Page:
FLEX-6700 - Software Configurations
Over the Jan-Aug 2016 period many additions were added to the FLEX configurations.
The following was configured over the term:
- SO2R full duplex
- N1MM can control two slices, on different bands
- There were no measurements to determine if it would be dangerous to operate the FLEX over the two
- JT65 and JT9
- Antenna Selection
- Remote control (See VPN article)
- Temperature monitor
- SWR plotter
First, these steps were followed: http://www.flexradio.com/downloads/using_n1mm_logger_with_smartsdr-pdf/
After N1MM could communicate with the Flex, RTTY was configured via the following steps.
WSPR was configured via trial and error. The figure below shows the configuration that worked:
The TS-2000 is the serial CAT device that the Flext emulates. Interestingly, on WSJT-X, using the TS-2000 does not properly control the Flex, rather DX Labs Commander must be used in order for the rig to be controlled properly. Note how a second device for PTT is needed, on COM 8. This can be seen in the SmartSDR CAT configuration below:
JT65 / JT9
WSJT-X needs DX Labs Commander software in order to operate the FLEX. This is done using the configurations below in DX Labs:
The following settings are needed in WSJT-X
JTAlertX is used to monitor WSJT-X and alert the operator if a specific rule is met. For example, JTAlertX can monitor your logbook for new countries and play an audible alert if someone from that country is calling CQ. JTAlertX enables the operator to have WSJT-X running in the background while doing other work.
FLDIGI radio control is enabled by loading a XML file available here: https://sourceforge.net/projects/fldigi/files/xmls/flex/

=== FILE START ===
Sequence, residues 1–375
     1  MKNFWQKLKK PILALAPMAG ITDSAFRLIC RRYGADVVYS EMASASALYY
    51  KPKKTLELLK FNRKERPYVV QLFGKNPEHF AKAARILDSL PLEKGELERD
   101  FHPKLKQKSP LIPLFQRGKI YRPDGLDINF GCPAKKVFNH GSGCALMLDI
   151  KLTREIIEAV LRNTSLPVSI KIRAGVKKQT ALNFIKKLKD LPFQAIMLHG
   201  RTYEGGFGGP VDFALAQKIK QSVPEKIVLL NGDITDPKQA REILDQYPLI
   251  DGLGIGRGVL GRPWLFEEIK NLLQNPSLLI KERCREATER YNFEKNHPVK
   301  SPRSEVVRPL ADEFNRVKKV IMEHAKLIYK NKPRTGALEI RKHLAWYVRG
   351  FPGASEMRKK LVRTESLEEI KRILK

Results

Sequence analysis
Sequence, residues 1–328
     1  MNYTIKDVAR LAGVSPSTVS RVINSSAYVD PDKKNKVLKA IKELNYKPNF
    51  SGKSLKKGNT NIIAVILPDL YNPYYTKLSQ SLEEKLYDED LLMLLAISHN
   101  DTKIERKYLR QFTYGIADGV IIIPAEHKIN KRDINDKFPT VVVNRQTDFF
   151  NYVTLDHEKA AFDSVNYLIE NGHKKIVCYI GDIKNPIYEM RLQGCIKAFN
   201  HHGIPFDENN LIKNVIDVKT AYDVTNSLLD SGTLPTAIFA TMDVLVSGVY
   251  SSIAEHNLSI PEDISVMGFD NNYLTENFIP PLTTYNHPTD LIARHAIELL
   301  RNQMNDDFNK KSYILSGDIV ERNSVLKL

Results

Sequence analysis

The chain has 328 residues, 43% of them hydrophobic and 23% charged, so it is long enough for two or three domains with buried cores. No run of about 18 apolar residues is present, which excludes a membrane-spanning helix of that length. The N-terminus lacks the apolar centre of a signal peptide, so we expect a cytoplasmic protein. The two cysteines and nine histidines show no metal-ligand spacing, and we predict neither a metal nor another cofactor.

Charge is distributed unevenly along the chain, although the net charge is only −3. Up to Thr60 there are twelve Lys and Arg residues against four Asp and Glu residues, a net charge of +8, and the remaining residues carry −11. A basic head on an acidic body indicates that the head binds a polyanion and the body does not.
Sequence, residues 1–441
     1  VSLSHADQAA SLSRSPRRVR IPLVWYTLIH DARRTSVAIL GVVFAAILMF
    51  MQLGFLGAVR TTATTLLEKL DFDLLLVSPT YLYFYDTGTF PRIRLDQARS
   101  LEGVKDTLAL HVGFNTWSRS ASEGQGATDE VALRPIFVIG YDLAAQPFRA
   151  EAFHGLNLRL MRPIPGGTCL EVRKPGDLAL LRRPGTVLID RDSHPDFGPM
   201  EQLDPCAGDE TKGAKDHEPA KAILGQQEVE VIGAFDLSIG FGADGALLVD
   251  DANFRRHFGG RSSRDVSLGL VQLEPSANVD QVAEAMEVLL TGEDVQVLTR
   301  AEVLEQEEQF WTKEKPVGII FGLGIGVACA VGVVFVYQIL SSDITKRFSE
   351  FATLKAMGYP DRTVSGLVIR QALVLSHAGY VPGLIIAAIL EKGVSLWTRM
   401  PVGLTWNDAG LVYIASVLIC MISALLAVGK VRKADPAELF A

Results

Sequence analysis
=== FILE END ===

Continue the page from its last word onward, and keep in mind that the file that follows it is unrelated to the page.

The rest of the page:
All slices on the Flex can be controlled by FLDIGI by loading the appropriate XML files. The XML files are then loaded into FLDIGI and the following configurations are made as seen in the figures below:
The Flex needs its full duplex characteristics to be measured. We don't know if the front end of the Flex will be overloaded using our antennas and reflecting against buildings like ECS or the various metal structures on the science buildings. Future work with Additional characteristics need to be measured how the K3 affects the Flex if both have selected antennas at the sametime. For example, if the K3 was transmitting on a 20m yagi and the flex was on a 6m yagi, what level of attenuation exists? If there is a danger to the flex, the Array solutions 6 pack can be retrofitted to disconnect the Flex antenna when the K3 has selected an antenna. Further measurements are needed to determine how the flex handles running continuously at various power levels. The new 4o3a flex amplifier requires a drive level of 50W, which needs to be monitored for continuous duty cycle modes like RTTY and PSK31.